a team and we have shown how we can win games, how we can hold them to 1-0 win games, how we can hold them to 1—0 leads and she a lot better and throughout the course of the season, we have proven why we are such a good side. like liverpool, tottenham have overcome adversity and the brink of elimination to reach the champions league final. harry kane and his spurs team—mates also familiarised themselves with atletico madrid‘s still new home. their route to the final has been remarkable. it very nearly ended in the group stage, and both the quarter—final and semi—final were won in dramatic fashion. that was unbelievable. we enjoyed a lot. we enjoy the journey together. i think it was great and of course the concentration was a pleasure to manage. this group of players, i feel so proud because they were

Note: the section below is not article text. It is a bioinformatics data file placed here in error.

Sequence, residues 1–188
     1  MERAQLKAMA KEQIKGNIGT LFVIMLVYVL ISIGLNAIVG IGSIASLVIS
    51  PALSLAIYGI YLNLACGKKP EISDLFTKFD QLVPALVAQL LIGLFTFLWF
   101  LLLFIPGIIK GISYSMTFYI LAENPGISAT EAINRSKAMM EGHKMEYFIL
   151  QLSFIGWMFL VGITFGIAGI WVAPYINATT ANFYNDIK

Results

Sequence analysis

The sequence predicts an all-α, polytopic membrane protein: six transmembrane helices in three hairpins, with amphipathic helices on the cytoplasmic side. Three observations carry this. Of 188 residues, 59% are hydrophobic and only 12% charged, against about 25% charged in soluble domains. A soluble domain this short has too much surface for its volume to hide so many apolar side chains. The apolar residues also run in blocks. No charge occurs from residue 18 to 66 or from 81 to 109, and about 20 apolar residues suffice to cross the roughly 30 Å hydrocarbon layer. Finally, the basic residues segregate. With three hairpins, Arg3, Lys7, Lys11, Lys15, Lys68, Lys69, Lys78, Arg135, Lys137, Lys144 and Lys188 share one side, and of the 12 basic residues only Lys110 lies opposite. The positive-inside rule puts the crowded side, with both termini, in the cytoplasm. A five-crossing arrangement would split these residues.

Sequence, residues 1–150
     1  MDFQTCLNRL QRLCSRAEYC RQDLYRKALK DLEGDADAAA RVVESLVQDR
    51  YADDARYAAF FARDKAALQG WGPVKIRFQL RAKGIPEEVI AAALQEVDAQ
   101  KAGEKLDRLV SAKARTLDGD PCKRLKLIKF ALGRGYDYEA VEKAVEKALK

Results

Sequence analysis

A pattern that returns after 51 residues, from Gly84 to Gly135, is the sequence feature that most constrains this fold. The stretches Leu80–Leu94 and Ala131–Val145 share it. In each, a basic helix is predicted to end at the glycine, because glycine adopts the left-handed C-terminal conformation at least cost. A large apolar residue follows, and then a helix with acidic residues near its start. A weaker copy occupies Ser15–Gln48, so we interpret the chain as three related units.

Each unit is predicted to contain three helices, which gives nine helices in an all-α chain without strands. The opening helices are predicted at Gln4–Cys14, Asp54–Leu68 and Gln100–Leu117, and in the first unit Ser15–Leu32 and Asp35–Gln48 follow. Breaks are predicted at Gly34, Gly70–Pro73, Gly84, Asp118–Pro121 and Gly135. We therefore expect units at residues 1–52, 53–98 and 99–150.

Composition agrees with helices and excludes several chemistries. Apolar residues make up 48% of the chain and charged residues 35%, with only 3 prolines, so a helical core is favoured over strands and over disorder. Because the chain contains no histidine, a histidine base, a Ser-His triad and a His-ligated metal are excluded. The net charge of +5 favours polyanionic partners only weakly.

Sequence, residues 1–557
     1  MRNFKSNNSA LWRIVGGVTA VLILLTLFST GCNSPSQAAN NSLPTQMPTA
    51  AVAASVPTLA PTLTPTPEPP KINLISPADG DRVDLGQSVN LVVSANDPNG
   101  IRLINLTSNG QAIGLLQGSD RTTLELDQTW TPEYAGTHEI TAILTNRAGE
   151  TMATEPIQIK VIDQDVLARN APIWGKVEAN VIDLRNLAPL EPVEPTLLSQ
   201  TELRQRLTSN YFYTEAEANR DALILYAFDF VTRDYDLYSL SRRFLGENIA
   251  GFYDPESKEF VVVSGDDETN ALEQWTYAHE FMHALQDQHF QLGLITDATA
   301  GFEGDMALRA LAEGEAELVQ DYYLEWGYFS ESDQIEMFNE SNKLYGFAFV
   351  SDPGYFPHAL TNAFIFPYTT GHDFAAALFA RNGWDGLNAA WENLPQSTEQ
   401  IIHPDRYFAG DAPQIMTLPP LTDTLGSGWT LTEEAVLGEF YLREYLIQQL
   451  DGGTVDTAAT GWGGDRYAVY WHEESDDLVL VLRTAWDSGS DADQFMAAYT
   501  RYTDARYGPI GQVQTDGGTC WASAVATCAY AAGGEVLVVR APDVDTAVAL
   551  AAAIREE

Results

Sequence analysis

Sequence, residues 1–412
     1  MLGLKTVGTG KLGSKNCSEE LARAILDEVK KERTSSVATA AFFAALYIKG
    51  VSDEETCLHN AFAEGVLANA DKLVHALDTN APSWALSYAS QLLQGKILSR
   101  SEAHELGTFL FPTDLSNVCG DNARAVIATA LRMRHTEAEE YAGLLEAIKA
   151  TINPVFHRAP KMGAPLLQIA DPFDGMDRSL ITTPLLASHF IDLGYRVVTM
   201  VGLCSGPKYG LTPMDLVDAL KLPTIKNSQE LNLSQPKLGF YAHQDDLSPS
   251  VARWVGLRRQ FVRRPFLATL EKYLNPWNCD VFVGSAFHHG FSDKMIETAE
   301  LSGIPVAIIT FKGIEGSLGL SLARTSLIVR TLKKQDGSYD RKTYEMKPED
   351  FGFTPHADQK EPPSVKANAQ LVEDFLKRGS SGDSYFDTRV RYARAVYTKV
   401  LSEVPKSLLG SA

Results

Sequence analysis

unbelievable and open to work and to except every single purpose from us andl except every single purpose from us and i think we are so ready, we are prepared. the occasion is mastic and with only for everybody involved but for the fa ns for everybody involved but for the fans themselves. it shows how far totte n ha m fans themselves. it shows how far tottenham has come as a club and i have managed to see it since i was many years ago to where it is today and yeah, it will be a special night for everybody involved and a quiet emotional night as well for everybody. you can hear the champions league final between liverpool and tottenham on bbc radio 5live tomorrow evening with the build—up right here on bbc news sportsday is live from madrid at 6:30pm and 7:30pm.